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Sat, 24 October 2020

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Care homes could reopen to visitors ‘in next few days’ as Matt Hancock hints at payrise for workforce

Care homes could reopen to visitors ‘in next few days’ as Matt Hancock hints at payrise for workforce

Care homes have been particularly hard-hit by the Covid-19 pandemic. (PA)

4 min read

The Government wants to let people visit their loved ones in care homes again in the “next few days”, the Health Secretary has announced.

Matt Hancock said there would be “more details soon” on plans to let people make “Covid Secure” care home visits, which have been banned for months under the country’s coronavirus lockdown.

And the Cabinet minister dropped a clear hint that he wants to see a payrise for the the UK’s care workers, amid a row between the sector and Boris Johnson.

Care homes have been particularly hard-hit by the Covid-19 pandemic, with the almost 30,000 more residents in England and Wales dying between March and June this year than in the same period in 2019.

Speaking to ITV News on Thursday, Mr Hancock said: “We’ve been very very careful to ensure that visitors don’t bring coronavirus back into a care home.

"But in the next few days we will be setting out how covid secure visiting can happen in care homes, how we can have more visits of loved ones in a way that is very careful and in a way that keeps care homes safe.”

He added: “There’ll be more details soon but I think that people are yearning to see their loved ones and the residents of care homes get so much from visitors.

“It’s been a very, very long period and that period where there hasn’t been any visiting to care homes, that’s coming to an end very soon.”

Asked whether people would be able to see their relatives next week, Mr Hancock said: “I very much hope that in the next few days we’ll be able to make this change. 

“I hope you understand we’ve been very careful about it and we’ve got to get it right.

“We’ve got to make sure it works for each local area but I hope we can make that change very soon.”

Welcoming the move, Labour’s shadow care minister Liz Kendall said: “It is good to hear families will soon be able to visit care homes again. This is something Labour has been calling for weeks.

“It has been a very worrying time for people with loved ones in care homes and so it is vital that care homes get clear guidance, PPE and access to regular testing to ensure visits are safe.”

But, pointing to the continued lockdown in the city of Leicester following a spike in coronavirus cases there, Ms Kendall said: “Families in Leicester will be upset and disappointed that this doesn’t apply to them, which is why we must ensure Leicester gets resources, data and other support needed to bring infection rates down.”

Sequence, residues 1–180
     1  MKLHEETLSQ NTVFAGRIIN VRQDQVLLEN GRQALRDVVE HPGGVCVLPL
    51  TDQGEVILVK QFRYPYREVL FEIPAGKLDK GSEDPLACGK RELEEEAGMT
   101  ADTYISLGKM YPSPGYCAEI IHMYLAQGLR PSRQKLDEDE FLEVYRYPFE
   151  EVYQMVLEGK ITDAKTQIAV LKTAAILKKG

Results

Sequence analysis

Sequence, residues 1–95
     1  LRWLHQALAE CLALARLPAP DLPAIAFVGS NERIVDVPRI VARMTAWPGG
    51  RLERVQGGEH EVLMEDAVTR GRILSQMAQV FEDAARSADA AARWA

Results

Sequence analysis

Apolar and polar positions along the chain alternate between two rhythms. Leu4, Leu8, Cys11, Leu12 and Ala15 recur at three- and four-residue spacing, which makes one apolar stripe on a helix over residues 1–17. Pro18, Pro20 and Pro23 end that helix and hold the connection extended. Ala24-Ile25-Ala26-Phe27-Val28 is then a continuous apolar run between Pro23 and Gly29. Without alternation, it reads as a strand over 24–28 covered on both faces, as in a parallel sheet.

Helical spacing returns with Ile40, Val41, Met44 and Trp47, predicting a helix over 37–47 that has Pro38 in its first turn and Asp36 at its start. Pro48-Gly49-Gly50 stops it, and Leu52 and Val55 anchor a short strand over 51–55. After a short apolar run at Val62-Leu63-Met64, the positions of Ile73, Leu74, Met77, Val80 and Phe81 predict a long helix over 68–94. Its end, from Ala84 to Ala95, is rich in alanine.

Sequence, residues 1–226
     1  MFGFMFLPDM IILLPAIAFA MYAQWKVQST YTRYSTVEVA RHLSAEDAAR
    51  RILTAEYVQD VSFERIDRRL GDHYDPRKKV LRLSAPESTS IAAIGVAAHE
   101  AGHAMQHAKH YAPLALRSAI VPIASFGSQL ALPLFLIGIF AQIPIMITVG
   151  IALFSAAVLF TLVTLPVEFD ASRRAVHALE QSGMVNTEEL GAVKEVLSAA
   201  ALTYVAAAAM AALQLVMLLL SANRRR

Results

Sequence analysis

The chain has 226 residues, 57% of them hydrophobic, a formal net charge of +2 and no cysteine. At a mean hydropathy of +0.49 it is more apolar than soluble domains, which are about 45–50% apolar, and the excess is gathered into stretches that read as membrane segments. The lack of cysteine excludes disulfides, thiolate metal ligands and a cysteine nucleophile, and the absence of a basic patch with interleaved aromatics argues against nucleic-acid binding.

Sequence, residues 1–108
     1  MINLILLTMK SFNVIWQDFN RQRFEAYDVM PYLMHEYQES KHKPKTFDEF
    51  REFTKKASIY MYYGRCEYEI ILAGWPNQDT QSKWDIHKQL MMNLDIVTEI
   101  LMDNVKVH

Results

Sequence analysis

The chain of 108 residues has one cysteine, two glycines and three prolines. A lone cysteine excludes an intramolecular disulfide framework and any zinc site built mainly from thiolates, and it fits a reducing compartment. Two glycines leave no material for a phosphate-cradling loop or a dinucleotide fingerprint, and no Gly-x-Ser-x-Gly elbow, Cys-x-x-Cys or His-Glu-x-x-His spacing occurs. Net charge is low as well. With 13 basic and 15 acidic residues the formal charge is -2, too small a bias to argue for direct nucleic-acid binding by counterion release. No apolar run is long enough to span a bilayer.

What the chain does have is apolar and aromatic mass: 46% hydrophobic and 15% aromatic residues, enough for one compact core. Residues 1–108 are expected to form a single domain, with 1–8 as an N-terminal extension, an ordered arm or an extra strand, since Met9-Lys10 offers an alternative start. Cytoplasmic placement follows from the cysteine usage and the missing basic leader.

'WE VALUE THEIR WORK'

Elsewhere in his ITV news interview, Mr Hancock sought to dampen down a row between care providers and Number 10 after the Prime Minister claimed that “too many care homes didn’t really follow the procedures in the way that they could have“.

Charity Community Integrated Care branded the PM’s comments “clumsy and cowardly”, the National Care Association asked Mr Johnson to retract the statement, while the Independent Care Group called the comments a “slap in the face for those workers after they have given and sacrificed so much”.

Labour has meanwhile demanded an apology from the PM, who has said he was referring to a lack of knowledge about asymptomatic transmission of the virus in care settings.

But, confronted by ITV News with criticism from carer Debbie Adams, Mr Hancock said: “What I can do is I can tell Debbie and all those who work in care homes that the point that we were trying to make and I can also say how much we value their work and everything they’ve done to keep people safe.

“People in social care have gone to extraordinary lengths to keep people safe and to do that infection control, which is at the root of protecting people, which is why care homes in this country have done better than anywhere else in Europe.”

'INCREDIBLY IMPORTANT JOB'

The Health Secretary also hinted that he would push for a payrise for workers in the social care sector, many of whom are employed on the minimum wage in a sector which makes extensive use of zero-hour contracts.

“I think that social care in an incredibly important job …I can’t make a financial announcement now but I think you can see where my heart lies,” he said.

Asked whether care workers deserve a pay rise, the Health Secretary said: “It’s a very important and valued job and I’m really proud of the increase in the living wage that we’ve introduced. That has had more of an impact on the care sector than any other sector and I want to see that go further.”

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